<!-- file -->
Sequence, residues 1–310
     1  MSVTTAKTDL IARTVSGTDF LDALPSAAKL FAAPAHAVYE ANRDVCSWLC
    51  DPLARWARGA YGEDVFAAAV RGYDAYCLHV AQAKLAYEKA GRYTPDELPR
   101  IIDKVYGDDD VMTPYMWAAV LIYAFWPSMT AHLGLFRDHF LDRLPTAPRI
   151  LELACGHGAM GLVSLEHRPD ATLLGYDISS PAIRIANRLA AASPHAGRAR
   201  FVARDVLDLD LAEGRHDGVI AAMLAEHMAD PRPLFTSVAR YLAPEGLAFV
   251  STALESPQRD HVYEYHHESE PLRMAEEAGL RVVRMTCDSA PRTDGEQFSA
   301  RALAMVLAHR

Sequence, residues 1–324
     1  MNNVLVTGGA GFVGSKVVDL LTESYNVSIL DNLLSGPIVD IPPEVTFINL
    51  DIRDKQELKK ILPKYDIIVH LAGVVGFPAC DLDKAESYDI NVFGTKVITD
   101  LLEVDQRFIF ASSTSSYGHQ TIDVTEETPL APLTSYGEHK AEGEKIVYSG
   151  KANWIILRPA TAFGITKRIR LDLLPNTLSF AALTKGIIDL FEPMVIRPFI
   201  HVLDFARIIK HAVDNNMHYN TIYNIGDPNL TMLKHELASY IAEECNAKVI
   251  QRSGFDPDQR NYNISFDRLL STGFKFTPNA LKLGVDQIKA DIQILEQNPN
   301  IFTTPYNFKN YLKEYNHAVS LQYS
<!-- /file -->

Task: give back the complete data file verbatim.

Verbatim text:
Sequence, residues 1–310
     1  MSVTTAKTDL IARTVSGTDF LDALPSAAKL FAAPAHAVYE ANRDVCSWLC
    51  DPLARWARGA YGEDVFAAAV RGYDAYCLHV AQAKLAYEKA GRYTPDELPR
   101  IIDKVYGDDD VMTPYMWAAV LIYAFWPSMT AHLGLFRDHF LDRLPTAPRI
   151  LELACGHGAM GLVSLEHRPD ATLLGYDISS PAIRIANRLA AASPHAGRAR
   201  FVARDVLDLD LAEGRHDGVI AAMLAEHMAD PRPLFTSVAR YLAPEGLAFV
   251  STALESPQRD HVYEYHHESE PLRMAEEAGL RVVRMTCDSA PRTDGEQFSA
   301  RALAMVLAHR

Sequence, residues 1–324
     1  MNNVLVTGGA GFVGSKVVDL LTESYNVSIL DNLLSGPIVD IPPEVTFINL
    51  DIRDKQELKK ILPKYDIIVH LAGVVGFPAC DLDKAESYDI NVFGTKVITD
   101  LLEVDQRFIF ASSTSSYGHQ TIDVTEETPL APLTSYGEHK AEGEKIVYSG
   151  KANWIILRPA TAFGITKRIR LDLLPNTLSF AALTKGIIDL FEPMVIRPFI
   201  HVLDFARIIK HAVDNNMHYN TIYNIGDPNL TMLKHELASY IAEECNAKVI
   251  QRSGFDPDQR NYNISFDRLL STGFKFTPNA LKLGVDQIKA DIQILEQNPN
   301  IFTTPYNFKN YLKEYNHAVS LQYS